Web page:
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Name: Ralph F. O.
Status: other
Age: 60s
Location: N/A
Country: N/A
Date: Saturday, May 25, 2002


Question:
Why does a candle flame go out when you place a piece of coiled copper wire around it? i.e., a piece of copper wire is wrapped around a pencil to form a loose series of coils (5-6). It is held by the straight piece that was not coiled, and the coiled portion is placed around a candle flame so the flame is in the center. The flame appears to go out but relights when the coil is removed.


Replies:
Ralph,

The copper coil cools the gas envelope of the flame to the point where it is no longer hot enough to enable combustion. I suspect that if you hold the coil in the flame zone for a while after the flame goes out it would not re-ignite because the combustion environs would cool below the ignition point of the gases.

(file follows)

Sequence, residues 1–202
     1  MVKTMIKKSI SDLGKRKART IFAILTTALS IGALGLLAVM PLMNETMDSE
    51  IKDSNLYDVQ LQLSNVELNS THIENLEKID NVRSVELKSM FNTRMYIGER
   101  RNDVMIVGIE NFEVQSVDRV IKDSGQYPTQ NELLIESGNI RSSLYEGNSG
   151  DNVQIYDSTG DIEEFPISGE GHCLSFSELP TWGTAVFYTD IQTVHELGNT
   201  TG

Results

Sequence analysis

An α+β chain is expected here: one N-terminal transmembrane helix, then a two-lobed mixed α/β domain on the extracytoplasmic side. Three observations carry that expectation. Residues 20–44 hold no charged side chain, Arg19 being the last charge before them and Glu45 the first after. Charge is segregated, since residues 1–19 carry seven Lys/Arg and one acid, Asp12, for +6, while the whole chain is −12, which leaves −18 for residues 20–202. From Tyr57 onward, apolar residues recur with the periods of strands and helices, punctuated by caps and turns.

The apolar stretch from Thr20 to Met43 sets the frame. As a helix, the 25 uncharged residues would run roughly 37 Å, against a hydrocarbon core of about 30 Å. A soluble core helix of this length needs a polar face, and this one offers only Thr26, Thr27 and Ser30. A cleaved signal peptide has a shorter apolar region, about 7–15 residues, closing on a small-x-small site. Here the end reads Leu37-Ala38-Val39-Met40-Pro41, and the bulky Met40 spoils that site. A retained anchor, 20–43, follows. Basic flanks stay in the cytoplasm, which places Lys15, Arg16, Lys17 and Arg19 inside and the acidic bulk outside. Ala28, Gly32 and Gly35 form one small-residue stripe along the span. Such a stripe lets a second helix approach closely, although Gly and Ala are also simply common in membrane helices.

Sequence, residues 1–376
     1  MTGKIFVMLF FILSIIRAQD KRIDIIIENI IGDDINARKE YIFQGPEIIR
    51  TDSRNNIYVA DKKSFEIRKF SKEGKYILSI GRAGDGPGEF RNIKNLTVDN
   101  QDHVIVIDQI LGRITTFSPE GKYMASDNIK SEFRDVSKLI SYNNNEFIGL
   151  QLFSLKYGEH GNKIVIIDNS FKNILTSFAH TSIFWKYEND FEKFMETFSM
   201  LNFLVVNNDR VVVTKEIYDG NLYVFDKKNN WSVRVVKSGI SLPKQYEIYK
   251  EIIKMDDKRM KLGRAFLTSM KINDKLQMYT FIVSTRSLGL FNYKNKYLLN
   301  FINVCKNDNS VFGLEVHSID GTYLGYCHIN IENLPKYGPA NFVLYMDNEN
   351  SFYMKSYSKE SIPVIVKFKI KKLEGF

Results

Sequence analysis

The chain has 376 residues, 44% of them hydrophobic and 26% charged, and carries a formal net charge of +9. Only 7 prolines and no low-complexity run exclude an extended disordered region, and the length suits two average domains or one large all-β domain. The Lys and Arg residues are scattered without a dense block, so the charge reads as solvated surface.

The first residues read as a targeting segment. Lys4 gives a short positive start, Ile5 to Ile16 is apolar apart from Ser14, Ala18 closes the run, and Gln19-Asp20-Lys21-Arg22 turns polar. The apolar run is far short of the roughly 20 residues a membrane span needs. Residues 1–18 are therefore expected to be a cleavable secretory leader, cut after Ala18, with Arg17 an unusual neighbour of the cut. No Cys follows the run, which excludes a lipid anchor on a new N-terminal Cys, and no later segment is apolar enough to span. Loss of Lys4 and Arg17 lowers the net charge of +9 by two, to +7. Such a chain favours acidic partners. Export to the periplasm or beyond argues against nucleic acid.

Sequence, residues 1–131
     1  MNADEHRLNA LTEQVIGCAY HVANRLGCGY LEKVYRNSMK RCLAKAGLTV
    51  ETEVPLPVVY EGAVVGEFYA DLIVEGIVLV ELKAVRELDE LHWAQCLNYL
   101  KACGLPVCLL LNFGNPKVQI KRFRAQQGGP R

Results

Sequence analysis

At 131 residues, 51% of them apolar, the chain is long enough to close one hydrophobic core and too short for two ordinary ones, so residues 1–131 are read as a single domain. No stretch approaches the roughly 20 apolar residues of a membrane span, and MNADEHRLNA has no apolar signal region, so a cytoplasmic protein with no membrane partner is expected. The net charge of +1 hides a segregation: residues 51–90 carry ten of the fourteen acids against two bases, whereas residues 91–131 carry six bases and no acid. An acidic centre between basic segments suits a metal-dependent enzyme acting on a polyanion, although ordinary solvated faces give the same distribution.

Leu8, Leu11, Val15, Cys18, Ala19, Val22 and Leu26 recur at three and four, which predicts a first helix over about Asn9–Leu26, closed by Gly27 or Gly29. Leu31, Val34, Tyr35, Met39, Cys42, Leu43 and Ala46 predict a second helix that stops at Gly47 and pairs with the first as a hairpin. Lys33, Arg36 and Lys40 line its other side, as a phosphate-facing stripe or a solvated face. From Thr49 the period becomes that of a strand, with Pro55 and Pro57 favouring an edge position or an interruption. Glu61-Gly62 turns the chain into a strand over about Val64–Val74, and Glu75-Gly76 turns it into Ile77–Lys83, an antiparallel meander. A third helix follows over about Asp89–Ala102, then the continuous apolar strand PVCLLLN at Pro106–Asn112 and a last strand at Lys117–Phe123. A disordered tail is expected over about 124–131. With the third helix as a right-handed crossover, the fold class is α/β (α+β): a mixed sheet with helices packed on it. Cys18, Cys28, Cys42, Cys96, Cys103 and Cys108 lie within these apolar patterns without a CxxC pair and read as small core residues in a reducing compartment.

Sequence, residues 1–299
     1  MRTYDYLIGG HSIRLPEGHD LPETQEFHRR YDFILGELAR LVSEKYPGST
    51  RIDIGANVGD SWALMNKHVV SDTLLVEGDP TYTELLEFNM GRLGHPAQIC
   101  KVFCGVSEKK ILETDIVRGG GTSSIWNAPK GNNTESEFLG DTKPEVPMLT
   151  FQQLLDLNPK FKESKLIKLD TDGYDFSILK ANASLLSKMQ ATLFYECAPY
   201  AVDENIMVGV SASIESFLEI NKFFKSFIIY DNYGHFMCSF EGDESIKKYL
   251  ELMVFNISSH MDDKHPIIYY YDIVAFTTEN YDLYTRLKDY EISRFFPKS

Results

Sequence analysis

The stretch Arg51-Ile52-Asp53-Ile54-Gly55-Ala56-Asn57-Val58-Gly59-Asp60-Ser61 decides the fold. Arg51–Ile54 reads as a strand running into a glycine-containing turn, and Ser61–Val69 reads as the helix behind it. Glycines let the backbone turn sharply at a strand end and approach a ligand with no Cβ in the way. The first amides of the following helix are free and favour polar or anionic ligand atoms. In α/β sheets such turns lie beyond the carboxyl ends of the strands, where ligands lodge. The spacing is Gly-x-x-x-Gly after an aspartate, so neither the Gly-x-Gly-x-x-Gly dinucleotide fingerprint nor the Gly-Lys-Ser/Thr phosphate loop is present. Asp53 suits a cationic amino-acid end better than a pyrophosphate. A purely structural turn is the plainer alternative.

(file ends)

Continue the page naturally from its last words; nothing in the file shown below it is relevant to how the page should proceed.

Regards,
ProfHoff 433


Combustion requires three things: fuel (wax here), oxygen (air here), ignition temperature (a match here probably). Remove one and the combustion stops -- that's the principles firemen use to put out fires. In the case of your candle the high thermal conductivity of copper probably is conducting sufficient heat from the flame that the flame goes out, but the heat capacity of the melted wax, wick, etc. probably "holds" enough heat that the temperature exceeds the ignition temperature if the copper wire is removed. If this mechanism is operating you can test it by holding the copper coil around the flame area for some time, so that the molten wax and wick cool, the flame will not re-ignite when you remove the copper coil.

Vince Calder



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